This being is bound to samsara, kamma is his means for going beyond. -- SN I, 38.

“Of course it is happening inside your head, Harry, but why on earth should that mean that it is not real?” HPatDH p.723
User avatar
Anagarika
Posts: 915
Joined: Thu Sep 22, 2011 11:25 pm

Re: Ticks and fleas

Post by Anagarika »

Mr Man wrote:If we do take a life though I'm not sure if we can ever say it was the "right" thing to do. Taking a life is always at odds with the ideal. At best a lesser wrong.
In my view, taking a life that is reduced to severe, intractable pain and suffering, and a hopeless prognosis, may in fact make merit. To stand on idealistic grounds and suggest that never assisting in a death is the ideal means that one may not have faced a situation where a sentient being is approaching certain death in great pain and suffering. These are not easy ethical questions, but the keen reality of these situations suggests to me that there are cases where assisting in a death generates positive kamma. I can't prove this, nor is there Canon authority for this view, but I'm willing to accept the kamma that comes from supporting euthanasia (for example) in limited cases.
User avatar
Mr Man
Posts: 3646
Joined: Tue Oct 04, 2011 8:42 am

Re: Ticks and fleas

Post by Mr Man »

tiltbillings wrote:
Mr Man wrote:If we do take a life though I'm not sure if we can ever say it was the "right" thing to do. Taking a life is always at odds with the ideal. At best a lesser wrong.
Does the ideal actually exist?
Well from a Theravada point of view I would say that the ideal is the first precept.
User avatar
Mr Man
Posts: 3646
Joined: Tue Oct 04, 2011 8:42 am

Re: Ticks and fleas

Post by Mr Man »

BuddhaSoup wrote: In my view, taking a life that is reduced to severe, intractable pain and suffering, and a hopeless prognosis, may in fact make merit.
I think that is a rather dangerous view to hold.
User avatar
Anagarika
Posts: 915
Joined: Thu Sep 22, 2011 11:25 pm

Re: Ticks and fleas

Post by Anagarika »

Mr Man wrote:
BuddhaSoup wrote: In my view, taking a life that is reduced to severe, intractable pain and suffering, and a hopeless prognosis, may in fact make merit.
I think that is a rather dangerous view to hold.
As I mentioned earlier, so long as they serve beer in hell, I will be OK. :)

Not to be glib, but as Buddhists we also seem to be inclined toward science, toward ethics issues, and toward using intellect over dogma. To quote the much used and abused Kalama Sutta, I try to seek the counsel of kalayana mitta, of recognized experts, of the wise, and try to see what is occurring in the world that is successful, is useful, and is perceived as proper and ethical. Then, I apply these tests to a fact pattern and use it to guide me in ethical decision making.

To take the First Precept as a "Ten Commandment" is a misapplication, in my view. My view may be Wrong View, but this is my kamma to accept. I found this quote which, to me, is helpful:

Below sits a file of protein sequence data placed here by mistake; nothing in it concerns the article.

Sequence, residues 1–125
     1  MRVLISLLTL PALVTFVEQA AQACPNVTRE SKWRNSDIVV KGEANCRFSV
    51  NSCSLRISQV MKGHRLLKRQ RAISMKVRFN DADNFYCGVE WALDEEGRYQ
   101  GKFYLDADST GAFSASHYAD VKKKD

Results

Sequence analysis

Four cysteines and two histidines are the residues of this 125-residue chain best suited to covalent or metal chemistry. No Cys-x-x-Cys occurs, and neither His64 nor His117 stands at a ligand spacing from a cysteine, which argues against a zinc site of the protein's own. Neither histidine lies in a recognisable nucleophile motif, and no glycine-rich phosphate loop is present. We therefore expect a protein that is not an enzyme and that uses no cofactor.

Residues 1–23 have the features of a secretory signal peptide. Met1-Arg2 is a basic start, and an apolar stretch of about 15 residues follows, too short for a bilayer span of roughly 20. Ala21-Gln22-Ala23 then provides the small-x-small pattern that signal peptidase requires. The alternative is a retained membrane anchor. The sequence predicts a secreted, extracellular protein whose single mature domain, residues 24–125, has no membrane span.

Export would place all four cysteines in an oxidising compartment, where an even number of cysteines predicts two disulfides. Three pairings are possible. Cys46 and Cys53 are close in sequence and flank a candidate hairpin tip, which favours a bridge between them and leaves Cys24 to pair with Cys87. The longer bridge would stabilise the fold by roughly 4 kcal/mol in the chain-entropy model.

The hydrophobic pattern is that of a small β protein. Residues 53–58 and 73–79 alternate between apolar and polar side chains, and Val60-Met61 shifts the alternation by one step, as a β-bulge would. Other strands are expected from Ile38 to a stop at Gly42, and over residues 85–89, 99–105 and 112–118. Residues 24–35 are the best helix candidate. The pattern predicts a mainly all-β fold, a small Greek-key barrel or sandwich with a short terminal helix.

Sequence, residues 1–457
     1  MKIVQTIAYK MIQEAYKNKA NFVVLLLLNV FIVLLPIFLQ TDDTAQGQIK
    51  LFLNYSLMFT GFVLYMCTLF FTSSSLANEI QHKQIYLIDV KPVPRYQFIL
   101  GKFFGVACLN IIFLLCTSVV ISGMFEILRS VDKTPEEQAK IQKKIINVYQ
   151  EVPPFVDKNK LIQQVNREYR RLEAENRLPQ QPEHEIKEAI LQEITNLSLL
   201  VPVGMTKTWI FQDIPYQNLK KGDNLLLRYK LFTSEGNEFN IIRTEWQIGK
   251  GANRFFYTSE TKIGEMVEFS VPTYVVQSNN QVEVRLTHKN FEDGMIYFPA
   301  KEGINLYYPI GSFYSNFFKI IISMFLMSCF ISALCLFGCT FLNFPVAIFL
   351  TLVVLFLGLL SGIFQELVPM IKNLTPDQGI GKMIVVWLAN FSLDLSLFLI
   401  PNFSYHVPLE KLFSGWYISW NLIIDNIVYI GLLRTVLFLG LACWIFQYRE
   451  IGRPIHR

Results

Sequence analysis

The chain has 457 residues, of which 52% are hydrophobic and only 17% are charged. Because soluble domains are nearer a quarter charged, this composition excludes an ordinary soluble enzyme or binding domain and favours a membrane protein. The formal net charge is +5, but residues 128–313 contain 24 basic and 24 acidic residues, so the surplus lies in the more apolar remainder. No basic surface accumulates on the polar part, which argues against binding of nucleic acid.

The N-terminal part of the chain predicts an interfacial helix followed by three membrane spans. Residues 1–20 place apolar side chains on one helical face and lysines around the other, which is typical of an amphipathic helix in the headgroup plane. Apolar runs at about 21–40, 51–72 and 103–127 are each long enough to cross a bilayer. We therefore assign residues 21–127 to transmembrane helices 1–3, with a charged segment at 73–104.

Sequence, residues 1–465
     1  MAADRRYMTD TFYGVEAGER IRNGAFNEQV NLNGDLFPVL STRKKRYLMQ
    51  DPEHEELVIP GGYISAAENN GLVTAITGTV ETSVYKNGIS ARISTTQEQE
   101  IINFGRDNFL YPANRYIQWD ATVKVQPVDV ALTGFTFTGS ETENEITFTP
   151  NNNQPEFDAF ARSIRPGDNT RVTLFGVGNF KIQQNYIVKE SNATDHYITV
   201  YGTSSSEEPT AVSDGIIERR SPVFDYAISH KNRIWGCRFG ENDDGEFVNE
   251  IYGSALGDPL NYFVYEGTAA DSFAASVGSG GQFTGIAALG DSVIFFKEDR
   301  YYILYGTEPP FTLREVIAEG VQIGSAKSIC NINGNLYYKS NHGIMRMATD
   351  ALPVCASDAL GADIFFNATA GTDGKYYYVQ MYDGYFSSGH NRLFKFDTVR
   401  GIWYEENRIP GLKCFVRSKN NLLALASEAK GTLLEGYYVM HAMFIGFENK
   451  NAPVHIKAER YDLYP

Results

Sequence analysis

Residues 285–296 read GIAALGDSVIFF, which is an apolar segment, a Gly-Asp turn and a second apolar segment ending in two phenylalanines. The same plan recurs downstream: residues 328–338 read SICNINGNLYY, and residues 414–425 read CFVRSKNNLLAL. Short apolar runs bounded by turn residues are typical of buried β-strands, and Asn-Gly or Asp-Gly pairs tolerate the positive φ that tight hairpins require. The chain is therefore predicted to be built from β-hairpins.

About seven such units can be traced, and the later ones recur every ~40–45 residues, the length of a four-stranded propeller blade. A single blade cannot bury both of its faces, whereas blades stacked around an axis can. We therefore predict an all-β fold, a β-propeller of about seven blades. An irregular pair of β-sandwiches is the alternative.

"Karma Lekshe Tsomo, a professor of theology and a nun in the Tibetan Buddhist tradition, explains,

"There are no moral absolutes in Buddhism and it is recognized that ethical decision-making involves a complex nexus of causes and conditions. ... When making moral choices, individuals are advised to examine their motivation--whether aversion, attachment, ignorance, wisdom, or compassion--and to weigh the consequences of their actions in light of the Buddha's teachings."
Last edited by Anagarika on Mon Oct 14, 2013 1:49 pm, edited 1 time in total.
User avatar
Virgo
Posts: 1538
Joined: Sun Feb 14, 2010 10:52 pm
Location: United States

Re: Ticks and fleas

Post by Virgo »

BuddhaSoup wrote:
Mr Man wrote:
BuddhaSoup wrote: In my view, taking a life that is reduced to severe, intractable pain and suffering, and a hopeless prognosis, may in fact make merit.
I think that is a rather dangerous view to hold.
As I mentioned earlier, so long as they serve beer in hell, I will be OK. :)
If you put a lit match to your finger (I don't suggest you or anyone else actually do this) even for a single second, you will find you are not able to bear the pain. The pain in hell is much worse than this, is unremitting, and lasts for extremely long amounts of time - potentially last for aeons. Just imagine the length of your human life lived there. How unbearable would that be for you? I doubt you will be able to enjoy your beer there, sorry. :namaste:

Kevin
The Hunger Site

________________
User avatar
tiltbillings
Posts: 23044
Joined: Wed Dec 31, 2008 9:25 am

Re: Ticks and fleas

Post by tiltbillings »

Virgo wrote:
If you put a lit match to your finger (I don't suggest you or anyone else actually do this) even for a single second, you will find you are not able to bear the pain. The pain in hell is much worse than this, is unremitting, and lasts for extremely long amounts of time - potentially last for aeons. Just imagine the length of your human life lived there. How unbearable would that be for you? I doubt you will be able to enjoy your beer there, sorry. :namaste:

Kevin
Oh, my. Buddhist fire and brimstone.
>> Do you see a man wise [enlightened/ariya] in his own eyes? There is more hope for a fool than for him.<< -- Proverbs 26:12

This being is bound to samsara, kamma is his means for going beyond. -- SN I, 38.

“Of course it is happening inside your head, Harry, but why on earth should that mean that it is not real?” HPatDH p.723
Post Reply